McCullough duplicated the steps taken by JH and viewed [Ahrndt’s] child pornography, he conducted an illegal warrantless search in violation of [Ahrndt’s] Fourth Amendment right to privacy. According to [Ahrndt] . . . Officer McCullough's violated his reasonable expectation of privacy in his computer files.
U.S. v. Ahrndt, supra. As I explained in an earlier post, in Katz v. U.S., 389 U.S. 347 (1967), the Supreme Court held that one has a reasonable expectation of privacy in a place if two conditions are met: (i) He believes it is private; and (ii) society accepts his belief as objectively reasonable. If I have a reasonable expectation of privacy in a place under this test, it’s a 4th Amendment “search” for a police officer to intrude into that place to look around; if I do not have a reasonable expectation of privacy in that place under the Katz standard, it isn’t a 4th Amendment “search” for an officer to enter the place and look around.
In this case, Ahrndt argued that
a wireless network should be given no less protection than a hardwired network under the Fourth Amendment. According to [Ahrndt’, if . . . [he] had possessed a hardwired home network, and officer McCullough had obtained access to defendant's computer via the hardwired network, there would no question that his access violated a reasonable expectation of privacy.
U.S. v. Ahrndt, supra. The federal judge disagreed:
Courts have long held that different communications hardware and technologies carry different reasonable expectations of privacy. For example, while users of traditional hardwired phones generally have a reasonable expectation of privacy in their conversations, . . . users of cordless phones generally do not because of the ease of intercepting wireless transmissions. . . .
The expectation of privacy in cordless phones is analogous to the expectation of privacy in wireless networks, because wireless networks are so easily intercepted. Wireless networks are similar to cordless phones in that they transmit data over radio waves. . . . [A]ccidental unauthorized use of other people's wireless networks is a fairly common occurrence in densely populated urban environments. . . . Purposeful unauthorized use is perhaps equally ubiquitous. . . .
[Ahrndt] used a Belkin54G wireless router to blanket his house and the surrounding area with wireless internet. He did not password-protect the wireless network, so any person within range could access it. JH had accessed the Belkin54G router multiple times. At the hearing [on the motion to suppress], special agent Tony Onstadt testified that although the default setting of the Belkin54G router is not to have password protection, the router comes with a manual that includes detailed instructions on how to password-protect the router. According to his testimony, the manual stresses the importance of password protection. Agent Onstadt also testified that the range of the router was up to 400 feet in the shape of a donut around the house.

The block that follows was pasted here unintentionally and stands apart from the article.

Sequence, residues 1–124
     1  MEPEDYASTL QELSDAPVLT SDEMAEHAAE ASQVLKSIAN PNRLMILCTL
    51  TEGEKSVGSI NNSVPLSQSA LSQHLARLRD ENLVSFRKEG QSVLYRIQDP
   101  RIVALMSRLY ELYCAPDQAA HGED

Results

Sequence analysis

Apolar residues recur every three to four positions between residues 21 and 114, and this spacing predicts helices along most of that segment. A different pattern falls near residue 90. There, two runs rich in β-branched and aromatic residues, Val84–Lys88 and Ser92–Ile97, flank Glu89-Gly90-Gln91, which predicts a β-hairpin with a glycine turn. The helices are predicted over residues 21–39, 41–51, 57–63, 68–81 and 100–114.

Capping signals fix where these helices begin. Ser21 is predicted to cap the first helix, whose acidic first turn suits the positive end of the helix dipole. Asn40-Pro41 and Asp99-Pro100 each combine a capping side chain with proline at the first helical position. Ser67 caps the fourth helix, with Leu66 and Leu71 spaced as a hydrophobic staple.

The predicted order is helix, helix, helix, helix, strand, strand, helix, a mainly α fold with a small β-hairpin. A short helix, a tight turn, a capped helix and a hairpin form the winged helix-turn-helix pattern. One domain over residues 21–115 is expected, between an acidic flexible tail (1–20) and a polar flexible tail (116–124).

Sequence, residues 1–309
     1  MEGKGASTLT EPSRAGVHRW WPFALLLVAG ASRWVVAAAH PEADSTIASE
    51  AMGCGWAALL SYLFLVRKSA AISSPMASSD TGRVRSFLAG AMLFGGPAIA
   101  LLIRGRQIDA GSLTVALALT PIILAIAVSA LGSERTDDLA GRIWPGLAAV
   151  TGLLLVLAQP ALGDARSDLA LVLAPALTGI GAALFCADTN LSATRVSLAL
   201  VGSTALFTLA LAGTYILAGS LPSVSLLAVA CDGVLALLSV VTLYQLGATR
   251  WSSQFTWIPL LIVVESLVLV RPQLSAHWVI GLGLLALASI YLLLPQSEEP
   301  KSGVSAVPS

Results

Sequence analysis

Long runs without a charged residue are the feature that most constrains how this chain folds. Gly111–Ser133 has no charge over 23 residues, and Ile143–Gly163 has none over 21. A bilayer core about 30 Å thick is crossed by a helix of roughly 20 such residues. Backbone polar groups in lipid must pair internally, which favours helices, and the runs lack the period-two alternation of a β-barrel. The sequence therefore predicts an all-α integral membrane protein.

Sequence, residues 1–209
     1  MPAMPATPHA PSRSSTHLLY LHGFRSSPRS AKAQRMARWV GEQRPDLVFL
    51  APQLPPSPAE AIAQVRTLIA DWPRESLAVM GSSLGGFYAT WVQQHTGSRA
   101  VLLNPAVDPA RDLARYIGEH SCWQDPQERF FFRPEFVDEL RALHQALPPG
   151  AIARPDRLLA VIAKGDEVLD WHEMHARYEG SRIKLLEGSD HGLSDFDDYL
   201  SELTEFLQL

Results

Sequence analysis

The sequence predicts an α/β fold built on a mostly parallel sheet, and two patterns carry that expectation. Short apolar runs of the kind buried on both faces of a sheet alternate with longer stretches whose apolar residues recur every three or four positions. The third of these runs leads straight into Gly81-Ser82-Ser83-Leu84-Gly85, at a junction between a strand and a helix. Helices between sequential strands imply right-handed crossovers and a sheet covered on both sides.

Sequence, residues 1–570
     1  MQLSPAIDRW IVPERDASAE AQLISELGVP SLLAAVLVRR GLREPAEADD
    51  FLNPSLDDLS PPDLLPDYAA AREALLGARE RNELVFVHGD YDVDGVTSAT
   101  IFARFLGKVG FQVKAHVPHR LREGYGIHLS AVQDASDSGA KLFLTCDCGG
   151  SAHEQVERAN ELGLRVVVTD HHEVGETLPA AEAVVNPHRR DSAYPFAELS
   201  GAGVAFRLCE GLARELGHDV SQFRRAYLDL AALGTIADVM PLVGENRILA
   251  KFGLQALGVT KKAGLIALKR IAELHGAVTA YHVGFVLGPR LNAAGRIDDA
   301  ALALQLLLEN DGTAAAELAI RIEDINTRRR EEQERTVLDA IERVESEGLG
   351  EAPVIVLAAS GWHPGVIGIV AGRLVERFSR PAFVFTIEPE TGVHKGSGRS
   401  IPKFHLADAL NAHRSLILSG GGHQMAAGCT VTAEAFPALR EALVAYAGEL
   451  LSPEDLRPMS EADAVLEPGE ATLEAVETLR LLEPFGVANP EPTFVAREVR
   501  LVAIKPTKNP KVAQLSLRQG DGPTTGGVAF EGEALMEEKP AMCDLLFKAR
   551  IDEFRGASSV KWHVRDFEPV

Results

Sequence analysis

U.S. v. Ahrndt, supra. The judge consequently found that “society recognizes a lower expectation of privacy in information broadcast via an unsecured wireless network router than in information transmitted through a hardwired network or password-protected network.” U.S. v. Ahrndt, supra. He noted, however, that society’s recognizing a
lower expectation of privacy in unsecured wireless networks . . . does not alone eliminate [Ahrndt’s] right to privacy under the Fourth Amendment. In order to hold that [he] had no right to privacy, it is also necessary to find that society would not recognize as reasonable an expectation of privacy in the contents of a shared iTunes library available for streaming on an unsecured wireless network
U.S. v. Ahrndt, supra.
As I explained in my prior post, courts have uniformly (as far as I know?) held that it is not a 4th Amendment search for law enforcement officers to use file-sharing software like Limewire to look through the contents of files a computer user has made available for sharing on his computer. To try to get around this, Ahrndt argued that
file-sharing program such as LimeWire is different from using an unsecured wireless network. [Ahrndt] argues that he was not offering his files over the internet. . . . [H]e was merely connected to his home wireless network, which exists independently of the internet. [Ahrndt] analogizes sharing files over the internet with LimeWire to announcing information in a public forum. Conversely, in [his] view, using an unsecured home wireless network is like having a conversation behind a closed, but unlocked door.
U.S. v. Ahrndt, supra. The federal judge found that Ahrndt’s “argument and analogy” ignored “certain key facts and misunderstand crucial technological details.” U.S. v. Ahrndt, supra. He noted Ahrndt was “using his iTunes software, and its preferences were set to actively share his music, movies, and pictures with anyone who had access to the same wireless network.” U.S. v. Ahrndt, supra. The judge found that using ITunes to share files on an